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17 Feb 2009 06:00
When you visit Luanda’s upmarket beachfront restaurants, where diners pay hundreds of dollars for their meal without even blinking, it’s hard to imagine the world is in economic meltdown.
Outside, giant 4x4s and Hummers are kept air-conditioned by snoozing drivers waiting on their bosses, while they toast their financial success with $20 cocktails.
Down the road large billboards show brightly coloured digital images of new football stadiums being built across the country, in preparation for the Africa Cup of Nations tournament in 2010.
“Angola is not directly affected by the crisis, but it is affected indirectly because it is an oil economy, and the fall in the price of oil has had a big impact,” Alberto Chueca, World Bank country manager for Angola, said.
The wealth of the Southern African country, emerging from almost three decades of civil war that ended in 2002, is looking at ways to diversify its economy and avoid the global financial crisis.
“The government is revising the budget, which is clever to do, but I hope that given the huge social challenges and the need for reconstructing the country, they do not cut too much on capital budget,” said Chueca.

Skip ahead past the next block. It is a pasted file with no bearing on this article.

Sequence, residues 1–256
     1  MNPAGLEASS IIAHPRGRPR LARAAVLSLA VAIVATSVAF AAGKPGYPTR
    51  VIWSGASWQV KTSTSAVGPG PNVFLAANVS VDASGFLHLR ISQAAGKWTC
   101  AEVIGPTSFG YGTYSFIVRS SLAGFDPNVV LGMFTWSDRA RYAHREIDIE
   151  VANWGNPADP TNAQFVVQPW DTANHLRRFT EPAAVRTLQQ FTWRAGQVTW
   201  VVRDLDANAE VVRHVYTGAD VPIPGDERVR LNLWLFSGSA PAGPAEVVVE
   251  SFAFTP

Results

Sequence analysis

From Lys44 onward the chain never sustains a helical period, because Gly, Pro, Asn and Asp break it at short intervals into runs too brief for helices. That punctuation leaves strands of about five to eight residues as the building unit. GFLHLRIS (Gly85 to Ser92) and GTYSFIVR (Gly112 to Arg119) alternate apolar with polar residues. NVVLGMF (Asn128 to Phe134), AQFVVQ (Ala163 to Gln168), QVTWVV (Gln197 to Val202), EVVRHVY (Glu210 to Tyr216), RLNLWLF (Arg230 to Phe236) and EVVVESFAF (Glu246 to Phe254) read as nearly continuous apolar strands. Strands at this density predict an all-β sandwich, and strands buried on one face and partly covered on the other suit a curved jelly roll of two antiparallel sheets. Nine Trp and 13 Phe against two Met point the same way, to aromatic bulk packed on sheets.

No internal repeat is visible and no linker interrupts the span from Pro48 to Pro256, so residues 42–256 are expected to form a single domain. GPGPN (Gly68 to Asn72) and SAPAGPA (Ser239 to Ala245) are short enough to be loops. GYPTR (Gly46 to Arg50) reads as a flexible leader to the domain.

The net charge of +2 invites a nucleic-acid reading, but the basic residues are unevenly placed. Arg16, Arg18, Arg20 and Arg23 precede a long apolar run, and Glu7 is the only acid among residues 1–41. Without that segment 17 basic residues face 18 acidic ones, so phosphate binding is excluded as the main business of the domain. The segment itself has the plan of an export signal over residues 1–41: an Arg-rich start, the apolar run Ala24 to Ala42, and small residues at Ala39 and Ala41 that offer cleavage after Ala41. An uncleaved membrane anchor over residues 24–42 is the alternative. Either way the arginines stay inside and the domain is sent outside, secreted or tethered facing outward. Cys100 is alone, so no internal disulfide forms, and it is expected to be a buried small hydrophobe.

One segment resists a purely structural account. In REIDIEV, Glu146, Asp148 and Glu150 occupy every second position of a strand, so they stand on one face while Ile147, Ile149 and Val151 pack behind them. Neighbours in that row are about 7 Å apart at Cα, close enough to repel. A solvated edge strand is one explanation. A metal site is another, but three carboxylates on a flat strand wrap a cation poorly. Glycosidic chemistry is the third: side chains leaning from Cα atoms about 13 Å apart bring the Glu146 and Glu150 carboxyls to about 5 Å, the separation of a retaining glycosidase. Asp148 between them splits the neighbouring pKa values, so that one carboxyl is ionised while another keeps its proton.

“This is a country with some of the worst social indicators in the world. I hope they cut the fat but not the muscle and they don’t reduce their social investment,” he added.
Since the end of the 27-year war, Angola has emerged as one of the world’s fastest-growing economies with an average annual GDP growth of 15%.
President Jose Eduardo dos Santos said “the fall in the price of oil and diamonds will seriously reduce our revenues and this means the state will have less money to use for public spending”.
“The crisis comes to reveal once more that the enormous dependence of our economy on oil and diamonds is not convenient and that there is need for diversifying ...
implementing and promoting investments in other sectors of production,” said Dos Santos.
Dos Santos is hoping to extend his 29 years in office at a presidential poll expected later this year.
Addressing an audience of government ministers and top banking heads, Aguinaldo Jaime, president of ANIP (National Agency for Private Investment), stressed the importance of diversification and developing an effective private sector.
“We need growth that offers jobs for all citizens, changing the capital-intensive industries and looking outside of the mineral economy, beyond oil and diamonds,” said Jaime during the launch of a new weekly financial paper, Expansao.—Sapa-AFP
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